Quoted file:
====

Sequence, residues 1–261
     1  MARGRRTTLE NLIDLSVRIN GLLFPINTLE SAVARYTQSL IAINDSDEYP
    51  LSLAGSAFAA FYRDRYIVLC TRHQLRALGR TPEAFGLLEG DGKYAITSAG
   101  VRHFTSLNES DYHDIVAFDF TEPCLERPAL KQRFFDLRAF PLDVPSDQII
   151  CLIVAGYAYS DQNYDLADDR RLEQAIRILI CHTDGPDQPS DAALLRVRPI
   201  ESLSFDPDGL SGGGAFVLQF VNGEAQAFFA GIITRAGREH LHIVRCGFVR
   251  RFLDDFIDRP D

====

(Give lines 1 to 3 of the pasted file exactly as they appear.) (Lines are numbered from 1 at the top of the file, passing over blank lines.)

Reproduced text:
Sequence, residues 1–261
     1  MARGRRTTLE NLIDLSVRIN GLLFPINTLE SAVARYTQSL IAINDSDEYP
    51  LSLAGSAFAA FYRDRYIVLC TRHQLRALGR TPEAFGLLEG DGKYAITSAG